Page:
In acute renal failure, the diuretic stage lasts for about 10 days. During the early period of this stage, the patient may urinate more frequently due to the excessive excretion of fluids. End stage acute renal failure is also known as stage 5 of acute renal failure. In this stage, the kidneys can no longer function. The GFR may even be 0mL/min and patients may experience little or no urination. Long-term dialysis and kidney transplantation are the only options to deal with this stage of renal failure.

Symptoms Of Acute Renal Failure

Now that we are more aware of acute renal failure and the various stages, it is important to understand what acute renal failure symptoms are. Possibly the most frustrating part about acute renal failure symptoms is that during the early stages of this disease, there are no physical symptoms. As kidney failure progresses, however, the acute renal failure symptoms become obvious.

It is very important to note that acute renal failure signs in human beings differ from one individual to the next. If acute renal failure symptoms are ignored or remain undiagnosed, it could result in further damage to the kidneys. One of the most obvious and intrusive acute renal failure symptoms is pain – specifically back pain. Other symptoms include a sudden reduced urine output, headaches, drowsiness, loss of appetite, and feeling restless and confused. Frequent vomiting which may or may not be accompanied by diarrhea.

Postrenal acute renal failure symptoms include hypertension, edema, a distended bladder, difficulty in urination, severe hematuria (blood in the urine), as well as pain in the lower abdomen, lower back, genitals, and groin.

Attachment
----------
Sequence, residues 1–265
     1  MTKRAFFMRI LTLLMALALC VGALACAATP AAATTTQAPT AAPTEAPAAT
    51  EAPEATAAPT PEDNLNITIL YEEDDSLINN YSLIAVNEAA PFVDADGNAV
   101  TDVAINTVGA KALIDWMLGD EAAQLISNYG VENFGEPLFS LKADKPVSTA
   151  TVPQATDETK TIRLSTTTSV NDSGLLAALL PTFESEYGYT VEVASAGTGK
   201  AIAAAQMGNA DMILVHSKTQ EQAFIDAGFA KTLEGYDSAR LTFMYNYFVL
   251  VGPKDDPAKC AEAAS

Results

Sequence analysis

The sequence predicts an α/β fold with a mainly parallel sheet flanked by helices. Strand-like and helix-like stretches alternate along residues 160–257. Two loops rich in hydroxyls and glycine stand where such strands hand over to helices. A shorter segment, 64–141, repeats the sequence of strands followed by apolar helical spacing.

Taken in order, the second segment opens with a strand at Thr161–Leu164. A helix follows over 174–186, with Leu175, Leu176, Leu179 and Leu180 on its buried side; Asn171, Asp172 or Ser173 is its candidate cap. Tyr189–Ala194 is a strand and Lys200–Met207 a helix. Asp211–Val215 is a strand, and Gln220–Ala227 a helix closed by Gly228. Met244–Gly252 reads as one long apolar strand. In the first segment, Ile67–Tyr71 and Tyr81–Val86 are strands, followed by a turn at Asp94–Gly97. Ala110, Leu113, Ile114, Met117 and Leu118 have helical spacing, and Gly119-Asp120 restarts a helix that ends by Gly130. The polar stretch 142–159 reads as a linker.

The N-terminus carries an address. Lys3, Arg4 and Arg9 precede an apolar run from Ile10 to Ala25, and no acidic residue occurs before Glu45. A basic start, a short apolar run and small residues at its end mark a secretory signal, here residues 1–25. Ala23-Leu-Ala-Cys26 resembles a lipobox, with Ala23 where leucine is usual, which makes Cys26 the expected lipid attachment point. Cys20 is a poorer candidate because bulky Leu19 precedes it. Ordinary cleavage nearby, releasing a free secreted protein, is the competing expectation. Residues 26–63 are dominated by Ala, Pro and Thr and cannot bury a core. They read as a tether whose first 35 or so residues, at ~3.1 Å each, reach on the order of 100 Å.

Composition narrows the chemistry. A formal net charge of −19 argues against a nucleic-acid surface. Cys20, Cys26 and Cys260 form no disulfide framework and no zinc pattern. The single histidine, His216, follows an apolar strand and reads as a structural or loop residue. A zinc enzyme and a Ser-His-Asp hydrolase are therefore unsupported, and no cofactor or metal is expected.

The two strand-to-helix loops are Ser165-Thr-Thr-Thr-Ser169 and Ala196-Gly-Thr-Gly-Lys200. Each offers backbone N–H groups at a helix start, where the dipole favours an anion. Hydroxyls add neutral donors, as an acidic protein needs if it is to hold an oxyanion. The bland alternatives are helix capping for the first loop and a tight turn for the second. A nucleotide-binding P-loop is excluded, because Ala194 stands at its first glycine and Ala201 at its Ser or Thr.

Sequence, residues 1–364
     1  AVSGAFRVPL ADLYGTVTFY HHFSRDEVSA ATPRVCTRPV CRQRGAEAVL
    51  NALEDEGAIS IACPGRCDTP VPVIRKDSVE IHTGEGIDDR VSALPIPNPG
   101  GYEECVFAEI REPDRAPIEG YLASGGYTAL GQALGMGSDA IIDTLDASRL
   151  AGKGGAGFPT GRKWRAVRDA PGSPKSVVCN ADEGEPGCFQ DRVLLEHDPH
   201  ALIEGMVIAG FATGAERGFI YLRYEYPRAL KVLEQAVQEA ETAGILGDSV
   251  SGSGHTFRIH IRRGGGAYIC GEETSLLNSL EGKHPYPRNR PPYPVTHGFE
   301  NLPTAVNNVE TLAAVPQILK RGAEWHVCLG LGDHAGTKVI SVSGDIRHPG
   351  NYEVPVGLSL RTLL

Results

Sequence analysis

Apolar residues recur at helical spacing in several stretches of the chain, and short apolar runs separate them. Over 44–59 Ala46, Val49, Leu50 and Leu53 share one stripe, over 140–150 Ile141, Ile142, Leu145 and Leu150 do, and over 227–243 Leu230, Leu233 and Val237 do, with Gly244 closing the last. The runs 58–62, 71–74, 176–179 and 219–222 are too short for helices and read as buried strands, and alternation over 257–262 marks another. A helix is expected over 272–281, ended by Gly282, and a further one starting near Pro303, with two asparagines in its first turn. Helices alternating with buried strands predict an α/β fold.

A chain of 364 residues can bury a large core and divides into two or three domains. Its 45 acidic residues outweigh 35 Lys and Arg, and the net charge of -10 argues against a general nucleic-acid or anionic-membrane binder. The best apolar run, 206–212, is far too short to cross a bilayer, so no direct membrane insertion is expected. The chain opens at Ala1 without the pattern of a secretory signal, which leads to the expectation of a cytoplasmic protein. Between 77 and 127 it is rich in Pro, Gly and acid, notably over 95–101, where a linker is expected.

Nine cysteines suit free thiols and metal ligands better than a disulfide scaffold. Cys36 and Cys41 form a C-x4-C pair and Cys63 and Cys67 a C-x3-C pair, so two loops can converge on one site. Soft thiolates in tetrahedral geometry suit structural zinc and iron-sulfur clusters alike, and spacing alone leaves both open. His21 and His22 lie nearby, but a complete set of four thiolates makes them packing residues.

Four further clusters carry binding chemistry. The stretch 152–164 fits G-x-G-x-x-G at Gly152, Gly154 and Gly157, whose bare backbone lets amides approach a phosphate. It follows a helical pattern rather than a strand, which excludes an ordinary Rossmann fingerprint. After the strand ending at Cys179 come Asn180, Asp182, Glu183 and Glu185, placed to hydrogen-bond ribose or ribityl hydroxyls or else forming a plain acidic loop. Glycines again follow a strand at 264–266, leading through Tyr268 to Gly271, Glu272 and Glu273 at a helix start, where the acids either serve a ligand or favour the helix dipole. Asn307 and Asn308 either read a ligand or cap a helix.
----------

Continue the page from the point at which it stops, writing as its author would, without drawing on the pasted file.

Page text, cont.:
Causes Of Acute Renal Failure

What causes acute renal failure? It's causes could fall into any one of the three categories mentioned below. These are prerenal, postrenal and renal. In the first, the problems affect the flow of blood before it reaches the kidney. In the second, the problems affect the urine moving out of the kidneys. In the third, there is a problem with the kidney itself.

The causes of acute renal failure in children include hemolytic uremic syndrome and nephrotic syndrome. A congenital heart defect or heart failure in a child could also be the cause of acute renal failure in the child.  

There are also certain drugs that can cause acute renal failure. These include non steroidal anti inflammatory drugs and some specific types of antibiotics. Medications that cause acute renal failure include some that are used to treat high blood pressure.

Treatment For Acute Renal Failure

Before we examine acute renal failure treatment guidelines, it is important to remember that the underlying cause for the renal failure needs to be treated before other treatment begins. One treatment for renal failure is dialysis. Other treatments include a modified diet as well as medications to prevent the excessive accumulation of potassium in the blood. Get details on foods to avoid kidney failure

Once the doctor has determined that the acute renal failure prognosis is not favorable, you may need to consider a kidney transplant. This acute renal failure cure or acute renal failure remedy is usually the last treatment recommended when all others fail. Kidneys may be acquired from family members or other donors.
Submitted on January 16, 2014